Not only does it have to do with geological changes, but the word is also used in other areas.
Features and Uses
There are geological eras that spanned a number of important years, approximately one thousand each, of which important data are known that are the object of study in many sciences.
The term is also used to denote a historical time in which certain technology was used, certain type of music was listened to or any other characteristic different from other periods of time. They can also be classified according to the political moment of a continent or country that has influence for a large part of the world population: empires, dictatorships, religion, etc.
Therefore, there are eras that can be counted chronologically, but others have diffuse beginnings and ends , as they depend on changes in culture and social needs that arise over time.
Examples of era
- The eras linked to every kingdom and empire in Ancient Egypt and Babylon.
- It was Byzantine.
- It was Christian , counted from year 1 to the present, that is, it is our common era.
- It was Abraham’s , started on October 1, 2100 BC. This era is used by the historian Eusebio de Cesárea.
- It was of the Hegira or it was of Muhammad.
- It was from the Olympics or it was Olympic, which only consists of four years and is counted from the first Olympic games (776 BC) until now.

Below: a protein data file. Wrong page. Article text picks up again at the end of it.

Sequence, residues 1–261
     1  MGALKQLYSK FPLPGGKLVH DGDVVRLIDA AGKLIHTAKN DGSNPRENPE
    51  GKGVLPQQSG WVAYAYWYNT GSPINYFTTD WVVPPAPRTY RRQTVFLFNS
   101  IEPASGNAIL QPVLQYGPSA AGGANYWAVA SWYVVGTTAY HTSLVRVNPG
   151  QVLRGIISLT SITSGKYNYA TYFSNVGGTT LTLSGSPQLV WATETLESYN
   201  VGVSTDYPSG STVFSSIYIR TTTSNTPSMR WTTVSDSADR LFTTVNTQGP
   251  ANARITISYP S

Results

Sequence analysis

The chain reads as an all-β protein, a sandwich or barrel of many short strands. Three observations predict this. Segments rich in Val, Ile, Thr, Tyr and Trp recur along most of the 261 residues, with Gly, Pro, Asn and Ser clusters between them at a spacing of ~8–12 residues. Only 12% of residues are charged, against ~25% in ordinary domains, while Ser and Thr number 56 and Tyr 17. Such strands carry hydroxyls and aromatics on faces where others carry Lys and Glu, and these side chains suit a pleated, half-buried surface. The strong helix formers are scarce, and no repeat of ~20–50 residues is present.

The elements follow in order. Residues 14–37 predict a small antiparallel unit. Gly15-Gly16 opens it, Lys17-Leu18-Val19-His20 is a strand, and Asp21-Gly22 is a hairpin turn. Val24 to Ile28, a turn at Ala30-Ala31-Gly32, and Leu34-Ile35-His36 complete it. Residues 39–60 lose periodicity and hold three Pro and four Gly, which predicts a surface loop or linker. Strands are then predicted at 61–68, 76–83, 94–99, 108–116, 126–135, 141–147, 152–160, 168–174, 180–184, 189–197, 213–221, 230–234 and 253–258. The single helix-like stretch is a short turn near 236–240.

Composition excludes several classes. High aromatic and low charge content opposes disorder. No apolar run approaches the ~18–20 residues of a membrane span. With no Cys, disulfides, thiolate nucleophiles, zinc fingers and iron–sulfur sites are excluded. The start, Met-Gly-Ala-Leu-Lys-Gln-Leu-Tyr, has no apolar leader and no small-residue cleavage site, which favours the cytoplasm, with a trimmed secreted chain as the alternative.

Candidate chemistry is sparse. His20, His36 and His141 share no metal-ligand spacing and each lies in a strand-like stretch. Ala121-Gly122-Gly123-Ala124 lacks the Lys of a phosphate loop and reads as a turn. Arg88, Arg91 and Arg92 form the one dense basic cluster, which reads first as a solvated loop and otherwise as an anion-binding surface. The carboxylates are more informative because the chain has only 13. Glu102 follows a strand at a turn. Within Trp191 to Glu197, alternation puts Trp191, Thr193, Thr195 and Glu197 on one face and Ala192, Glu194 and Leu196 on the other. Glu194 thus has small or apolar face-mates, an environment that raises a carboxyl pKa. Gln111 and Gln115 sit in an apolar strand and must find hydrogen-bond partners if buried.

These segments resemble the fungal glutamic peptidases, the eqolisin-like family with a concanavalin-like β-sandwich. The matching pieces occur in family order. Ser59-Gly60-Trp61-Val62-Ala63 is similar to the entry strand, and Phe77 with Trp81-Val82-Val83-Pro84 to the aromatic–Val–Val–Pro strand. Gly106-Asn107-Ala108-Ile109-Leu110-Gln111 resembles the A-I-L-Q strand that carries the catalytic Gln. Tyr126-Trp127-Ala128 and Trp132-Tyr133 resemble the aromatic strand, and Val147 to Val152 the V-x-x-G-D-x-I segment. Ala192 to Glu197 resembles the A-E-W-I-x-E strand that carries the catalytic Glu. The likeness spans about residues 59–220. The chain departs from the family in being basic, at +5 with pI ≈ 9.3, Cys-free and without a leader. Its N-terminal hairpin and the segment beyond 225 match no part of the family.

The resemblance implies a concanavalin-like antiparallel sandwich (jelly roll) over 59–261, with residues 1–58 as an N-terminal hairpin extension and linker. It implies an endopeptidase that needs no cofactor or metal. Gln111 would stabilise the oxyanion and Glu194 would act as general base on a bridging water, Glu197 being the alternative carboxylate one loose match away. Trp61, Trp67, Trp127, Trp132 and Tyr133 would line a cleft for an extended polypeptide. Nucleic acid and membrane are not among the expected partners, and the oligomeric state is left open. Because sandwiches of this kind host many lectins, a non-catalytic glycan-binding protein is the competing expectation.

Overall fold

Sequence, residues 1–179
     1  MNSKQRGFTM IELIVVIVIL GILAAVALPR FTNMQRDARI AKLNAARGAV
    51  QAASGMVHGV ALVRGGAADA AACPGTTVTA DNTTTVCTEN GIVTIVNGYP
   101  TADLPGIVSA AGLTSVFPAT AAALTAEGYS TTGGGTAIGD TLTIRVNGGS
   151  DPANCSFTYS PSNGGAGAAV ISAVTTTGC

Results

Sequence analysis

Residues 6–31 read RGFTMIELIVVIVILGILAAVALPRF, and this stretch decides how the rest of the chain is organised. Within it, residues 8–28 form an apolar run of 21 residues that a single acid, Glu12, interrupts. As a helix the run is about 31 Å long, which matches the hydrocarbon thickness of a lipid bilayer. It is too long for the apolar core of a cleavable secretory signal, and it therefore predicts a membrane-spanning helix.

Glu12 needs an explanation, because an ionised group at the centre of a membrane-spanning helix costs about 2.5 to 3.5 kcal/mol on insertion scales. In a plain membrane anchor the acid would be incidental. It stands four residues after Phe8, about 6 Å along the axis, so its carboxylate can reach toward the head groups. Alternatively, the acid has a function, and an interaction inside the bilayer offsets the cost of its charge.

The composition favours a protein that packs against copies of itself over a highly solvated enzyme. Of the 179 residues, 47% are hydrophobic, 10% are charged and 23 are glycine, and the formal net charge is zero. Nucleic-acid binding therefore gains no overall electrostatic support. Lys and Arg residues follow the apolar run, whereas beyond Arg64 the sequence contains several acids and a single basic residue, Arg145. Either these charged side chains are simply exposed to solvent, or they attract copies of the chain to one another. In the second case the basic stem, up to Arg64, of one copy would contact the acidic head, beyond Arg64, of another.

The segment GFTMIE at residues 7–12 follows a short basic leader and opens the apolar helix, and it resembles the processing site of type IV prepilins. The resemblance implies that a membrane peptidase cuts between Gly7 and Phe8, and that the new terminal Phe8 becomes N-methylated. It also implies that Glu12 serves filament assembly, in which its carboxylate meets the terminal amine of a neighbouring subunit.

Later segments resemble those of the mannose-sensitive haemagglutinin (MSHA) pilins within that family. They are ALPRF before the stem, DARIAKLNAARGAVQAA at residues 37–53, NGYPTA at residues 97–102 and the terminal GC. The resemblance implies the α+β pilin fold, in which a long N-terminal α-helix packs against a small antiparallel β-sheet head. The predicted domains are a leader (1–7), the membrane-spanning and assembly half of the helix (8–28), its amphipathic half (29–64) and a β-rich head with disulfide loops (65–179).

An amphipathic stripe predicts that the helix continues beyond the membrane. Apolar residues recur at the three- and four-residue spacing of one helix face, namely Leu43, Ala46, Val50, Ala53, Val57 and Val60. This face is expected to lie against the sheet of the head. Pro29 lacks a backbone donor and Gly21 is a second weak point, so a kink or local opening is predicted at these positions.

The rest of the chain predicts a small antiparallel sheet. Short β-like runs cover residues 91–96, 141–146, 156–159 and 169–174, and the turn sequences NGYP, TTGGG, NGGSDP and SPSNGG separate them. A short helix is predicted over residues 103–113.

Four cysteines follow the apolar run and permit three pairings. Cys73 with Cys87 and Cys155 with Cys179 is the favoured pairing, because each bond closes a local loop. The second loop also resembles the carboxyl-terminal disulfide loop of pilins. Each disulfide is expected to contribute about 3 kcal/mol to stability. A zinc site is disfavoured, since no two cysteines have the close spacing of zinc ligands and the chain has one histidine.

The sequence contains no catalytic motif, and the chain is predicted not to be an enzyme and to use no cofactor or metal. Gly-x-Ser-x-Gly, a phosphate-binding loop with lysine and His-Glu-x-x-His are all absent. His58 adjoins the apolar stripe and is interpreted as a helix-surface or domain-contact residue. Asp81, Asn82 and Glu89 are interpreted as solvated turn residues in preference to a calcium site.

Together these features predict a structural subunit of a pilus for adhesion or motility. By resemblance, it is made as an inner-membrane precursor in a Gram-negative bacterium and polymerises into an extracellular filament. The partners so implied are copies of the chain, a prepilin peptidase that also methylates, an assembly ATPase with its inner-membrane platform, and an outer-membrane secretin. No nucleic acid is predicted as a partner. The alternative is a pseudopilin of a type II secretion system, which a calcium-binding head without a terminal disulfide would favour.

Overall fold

- She was a Diocletian , during the 4th and 5th centuries.
- She was Hispanic , which began on January 1, 38 BC. C. It is used in Spain, southern France and North Africa.
- It was governed by the French republican calendar.
- It was Roman that begins from the foundation of Rome, 753 a. C.
- She was Filipino (Spain, between 1556 and 1665, by the succession of kings named Felipe)
- Era de Pombal (in Portugal, between 1750 and 1777, by the Marquis of Pombal)
- Napoleonic era (between 1799 and 1815, by Napoleon Bonaparte)
- Era de Franco (in Spain, between 1936 and 1975, by Francisco Franco)
- She was Georgian (in England, between 1714 and 1830, by the succession of kings named Jorge)
- It was Victorian (in Great Britain, between 1830 and 1914, by Queen Victoria of England)
- Metternich era (Between 1814 and 1848, also known as the Metternich system, by Austrian Chancellor Klemens von Metternich)